OFT CD investigation still not closed but majors are not ‘collectively dominant’

The OFT’s announcement that it has concluded its lengthy investigation into the blocking of parallel importing of CDs from other European countries is not quite as comforting for the record companies as immediate Press reports suggested. In its Report (the fruit of over two years’ work set in train by Mr Stephen Byers ‘rip-off Britain’ initiative), the OFT says that it would welcome receiving any evidence that any record companies are party to agreements with retailers that block imports of cheaper foreign-sourced product. So the record companies are not completely off the hook.

However the OFT wisely decided that the practice of offering bonus tracks on UK releases was not anti-competitive – except potentially in relation to compilation albums. So record companies are likely to carry on with this practice. The OFT Report will be read carefully by the record companies as changes in the law envisaged in the Enterprise Bill will make investigation easier in future – and unless the UK joins the Euro, currency fluctuations (and the inevitable commercial response to them) are sure to prompt further investigation.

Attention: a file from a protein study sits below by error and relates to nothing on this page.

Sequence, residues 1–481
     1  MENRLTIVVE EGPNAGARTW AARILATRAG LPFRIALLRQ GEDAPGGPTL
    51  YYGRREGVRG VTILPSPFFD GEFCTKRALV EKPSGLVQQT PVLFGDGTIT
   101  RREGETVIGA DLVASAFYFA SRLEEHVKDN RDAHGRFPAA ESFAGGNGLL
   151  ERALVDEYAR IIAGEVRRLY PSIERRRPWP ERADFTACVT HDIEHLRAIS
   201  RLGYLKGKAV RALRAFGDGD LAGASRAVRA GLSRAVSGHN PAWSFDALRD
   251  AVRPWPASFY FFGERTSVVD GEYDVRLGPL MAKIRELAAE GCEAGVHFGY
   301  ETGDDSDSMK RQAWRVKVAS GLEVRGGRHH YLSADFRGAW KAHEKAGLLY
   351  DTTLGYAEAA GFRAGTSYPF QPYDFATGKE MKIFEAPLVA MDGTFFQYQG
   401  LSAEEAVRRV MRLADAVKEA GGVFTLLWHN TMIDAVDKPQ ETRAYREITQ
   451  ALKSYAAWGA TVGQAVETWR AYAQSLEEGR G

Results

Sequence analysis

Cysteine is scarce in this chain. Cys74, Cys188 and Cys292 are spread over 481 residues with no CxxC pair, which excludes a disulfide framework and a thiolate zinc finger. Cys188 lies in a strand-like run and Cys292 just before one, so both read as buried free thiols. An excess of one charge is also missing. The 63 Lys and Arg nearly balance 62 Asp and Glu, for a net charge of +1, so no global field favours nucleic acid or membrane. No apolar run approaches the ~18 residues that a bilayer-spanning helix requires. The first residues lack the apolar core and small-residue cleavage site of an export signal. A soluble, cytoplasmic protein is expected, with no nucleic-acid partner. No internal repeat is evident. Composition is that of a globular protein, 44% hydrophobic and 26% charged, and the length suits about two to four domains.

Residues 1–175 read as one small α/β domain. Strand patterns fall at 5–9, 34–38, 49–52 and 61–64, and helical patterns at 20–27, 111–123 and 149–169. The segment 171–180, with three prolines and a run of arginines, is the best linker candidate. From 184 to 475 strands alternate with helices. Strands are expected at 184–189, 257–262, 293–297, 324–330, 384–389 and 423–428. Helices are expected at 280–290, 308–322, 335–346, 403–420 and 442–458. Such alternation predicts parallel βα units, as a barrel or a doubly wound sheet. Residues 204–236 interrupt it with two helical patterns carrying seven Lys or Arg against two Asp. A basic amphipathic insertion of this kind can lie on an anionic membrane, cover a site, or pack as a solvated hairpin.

What is certainly the most striking part of the Report (and which is bound to be regarded as its ‘silver lining’) is the finding by the OFT that the majors do not enjoy a ‘collectively dominant’ position. This is the first such specific finding by a competition authority since the Airtours case in the European Court tightened up the definition of the whole concept. It will be recalled that it was the existence of ‘collective dominance’ in the music industry (in the view of the EC Commission) that put paid to the attempts of EMI to merge with Time-Warner and then BMG. Recently the EC Commission passed up the opportunity to comment on the concept of ‘collective dominance’ in the music industry post Airtours in clearing the acquisition of Zomba by BMG. This regulatory straw in the wind in a Report where the crippling effect of piracy on any supposed market power enjoyed by the majors was not even mentioned (let alone discussed) supports Time Warner’s recently expressed optimism that 5 into 4 will one day be allowed to go.

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